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Constitution Day Today marks the 226th anniversary of the signing of the Constitution. Page 2.





Hatch officially joins race

are e-cigs

on the rise?

An Iowa legislator made his campaign for governor official on Monday. By Cassidy Riley

By Julia Davis

Some electronic cigarettes are made to look like your standard cigarette. Others look more like a colorful tube of mascara, and still others resemble a fancy fountain pen. Regardless of their appearance, they all share one common element: You can smoke them in public facilites While a small bump in traditional cigarette smoking occurred for one segment of the University of Iowa community, several officials appear concerned about a recent national shift to increased e-cigarette use. And it appears that the trend is reflected locally. Available in a variety of shapes and models, the battery-powered devices deliver an aerosol mist of vaporized nicotine that the user inhales. This form of smoking, called “vaping,” gives users hit of nicotine without exposing them or those around

See smoking, 3

‘There’s still a desire by young people to demonstrate their adulthood and their independence, so the electronic cigarettes are one way to do that.’

– UI economics lecturer Patrick Barron

Photo Illustration by Callie Mitchell/The Daily Iowan

A Des Moines businessman and Iowa senator announced on Monday that he would seek the Democratic nomination for governor. Sen. Jack Hatch, D-Des Moines, who has served in the Iowa Legislature for 22 years is a long-time Des Moines area real-estate developer. Hatch’s Monday announcement put an end to his exploratory committee he announced earlier this year. “Simply put, there’s too much at stake for Iowa,” Hatch said. “We have a governor who has a limited agenda and a restrictive governing style that does not allow us to have an open conversation.” Hatch said he had many ideas about how to improve Iowa for the sake of its citizens, including working with local agencies in mental-health, police, and fire departments to improve efficiency. Hatch said in some parts of Iowa, these agencies have structural issues but that Gov. Terry Branstad has only punished them by cutting funding. Hatch also believes Iowans need to be presented with a new solution to reduce college-student debt besides a tuition freeze because it does See Hatch, 3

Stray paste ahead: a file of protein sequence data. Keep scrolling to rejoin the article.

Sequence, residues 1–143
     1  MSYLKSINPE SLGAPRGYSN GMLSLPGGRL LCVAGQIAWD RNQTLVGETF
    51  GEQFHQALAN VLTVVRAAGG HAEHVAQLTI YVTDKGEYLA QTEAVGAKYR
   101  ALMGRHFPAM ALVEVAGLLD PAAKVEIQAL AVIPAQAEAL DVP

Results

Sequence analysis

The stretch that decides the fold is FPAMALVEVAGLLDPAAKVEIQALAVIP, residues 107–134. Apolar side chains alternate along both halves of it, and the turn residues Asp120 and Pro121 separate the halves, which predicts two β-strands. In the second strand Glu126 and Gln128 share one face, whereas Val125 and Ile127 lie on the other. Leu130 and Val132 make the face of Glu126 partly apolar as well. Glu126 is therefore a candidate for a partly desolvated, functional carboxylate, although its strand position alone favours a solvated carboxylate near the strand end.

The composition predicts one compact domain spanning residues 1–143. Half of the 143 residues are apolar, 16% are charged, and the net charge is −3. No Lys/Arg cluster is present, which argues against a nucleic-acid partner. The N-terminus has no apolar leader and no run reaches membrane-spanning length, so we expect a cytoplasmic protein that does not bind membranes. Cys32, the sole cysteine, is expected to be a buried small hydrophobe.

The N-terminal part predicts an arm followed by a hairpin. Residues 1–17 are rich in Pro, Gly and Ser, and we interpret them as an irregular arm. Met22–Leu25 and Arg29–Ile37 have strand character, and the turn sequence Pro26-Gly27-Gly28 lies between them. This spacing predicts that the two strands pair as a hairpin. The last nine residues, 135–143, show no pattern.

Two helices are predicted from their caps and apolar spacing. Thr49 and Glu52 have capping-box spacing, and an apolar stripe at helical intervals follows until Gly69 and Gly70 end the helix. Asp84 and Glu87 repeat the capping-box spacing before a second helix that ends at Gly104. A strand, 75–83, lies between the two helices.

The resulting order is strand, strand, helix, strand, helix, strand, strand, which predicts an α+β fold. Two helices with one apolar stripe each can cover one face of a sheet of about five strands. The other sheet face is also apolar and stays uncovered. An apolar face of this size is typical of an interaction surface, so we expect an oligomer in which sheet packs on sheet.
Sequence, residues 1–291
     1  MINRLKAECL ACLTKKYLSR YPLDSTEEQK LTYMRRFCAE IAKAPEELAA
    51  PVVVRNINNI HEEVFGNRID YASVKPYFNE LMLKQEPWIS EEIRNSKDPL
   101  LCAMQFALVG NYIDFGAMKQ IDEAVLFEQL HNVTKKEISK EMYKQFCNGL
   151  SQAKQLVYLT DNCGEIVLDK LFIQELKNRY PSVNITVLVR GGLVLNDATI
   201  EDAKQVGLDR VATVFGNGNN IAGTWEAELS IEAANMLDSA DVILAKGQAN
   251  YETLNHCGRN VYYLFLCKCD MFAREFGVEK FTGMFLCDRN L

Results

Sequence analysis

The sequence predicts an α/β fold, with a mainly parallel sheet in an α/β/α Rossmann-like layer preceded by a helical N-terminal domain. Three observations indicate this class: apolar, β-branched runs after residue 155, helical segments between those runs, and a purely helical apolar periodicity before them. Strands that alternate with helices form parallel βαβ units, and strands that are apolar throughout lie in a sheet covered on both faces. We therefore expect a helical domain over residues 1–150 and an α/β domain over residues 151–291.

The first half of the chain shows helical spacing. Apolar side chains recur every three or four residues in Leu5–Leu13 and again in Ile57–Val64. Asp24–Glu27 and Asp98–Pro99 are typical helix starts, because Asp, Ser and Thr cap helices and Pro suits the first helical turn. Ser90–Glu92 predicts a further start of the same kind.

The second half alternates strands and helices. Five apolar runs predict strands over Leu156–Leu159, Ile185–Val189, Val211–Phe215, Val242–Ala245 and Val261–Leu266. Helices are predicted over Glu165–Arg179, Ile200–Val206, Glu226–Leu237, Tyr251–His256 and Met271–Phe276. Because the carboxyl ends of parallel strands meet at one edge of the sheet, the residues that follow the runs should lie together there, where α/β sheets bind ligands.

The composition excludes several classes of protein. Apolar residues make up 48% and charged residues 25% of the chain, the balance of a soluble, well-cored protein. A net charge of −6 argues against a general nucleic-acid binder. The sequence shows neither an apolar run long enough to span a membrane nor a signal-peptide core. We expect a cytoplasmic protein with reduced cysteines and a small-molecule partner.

Officials upbeat on tuition The state Board of Regents made a proposal to Iowa legislators last week to extend the current tuition freeze. By Megan Sanchez

Members of the state Board of Regents and legislators are expressing optimism for a proposal that would extend the current tuition freeze for another year. On Sep. 12, regents met with the Iowa Legislative Fiscal Committee to propose a 4 percent funding increase in See freeze, 3





Mostly cloudy, breezy, 60% chance of rain/T-storms.







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The Daily Iowan

Bid Day 2013

Volume 145 Breaking News Phone: (319) 335-6063 Email: Fax: 335-6297 Corrections Call: 335-6030 Policy: The Daily Iowan strives for accuracy and fairness in the reporting of news. If a report is wrong or misleading, a request for a correction or a clarification may be made. Publishing info The Daily Iowan (USPS 143.360) is published by Student Publications Inc., E131 Adler Journalism Building, Iowa City, Iowa 52242-2004, daily except Saturdays, Sundays, legal and university holidays, and university vacations. Periodicals postage paid at the Iowa City Post Office under the Act of Congress of March 2, 1879.

The members of the University of Iowa’s Alpha Xi Delta chapter sing a song as they await the arrival of their new recruitment members during the Sorority Bid Day at Hubbard Park on Monday. (The Daily Iowan/Emily Burds)

Law school numbers down Despite a decrease in national law-school enrollment, University of Iowa faculty and students remain optimistic. by Shianne Gruss

In the midst of a multimillion dollar improvement campaign and a nationwide decrease in applicants and job opportunities for law graduates, the University of Iowa College of Law is revamping its program to meet the needs of a smaller student body. Since 2010, the college, which is located in the Boyd Law Building, has seen a roughly 24 percent decrease in incoming class size, in comparison with a more than 38 percent national decline in total enrollment, according to the Law School Admission Council. The nonprofit organization assists in national law school admission processes and is best know for administering the Law School Admission Test. The UI law school was for a long time immune to national statistics, but it saw its first significant decrease this year, said Dean Gail Agrawal. “Given the national

trend, we knew it was coming, and our plan for responding to it was to maintain the high quality of the class rather than its size,” she said. Officials estimate a total of 422 students to be enrolled in the college this fall — a 20 percent decrease from last year and the first time dipping below 500 in the past four years. UI spokesman Tom Moore pegged the recent drop in university enrollment numbers to the law school. “A major factor appears to be a decline in the number of students enrolling in the College of Law, which reflects a national trend that seems to be occurring as a result of decreased opportunities in the profession,” he said. Among national figures, Moore said one-third fewer students are taking the LSAT, which in turn has led to there being a smaller pool of well-qualified candidates for law schools to consider. In October 2012, the college launched a $50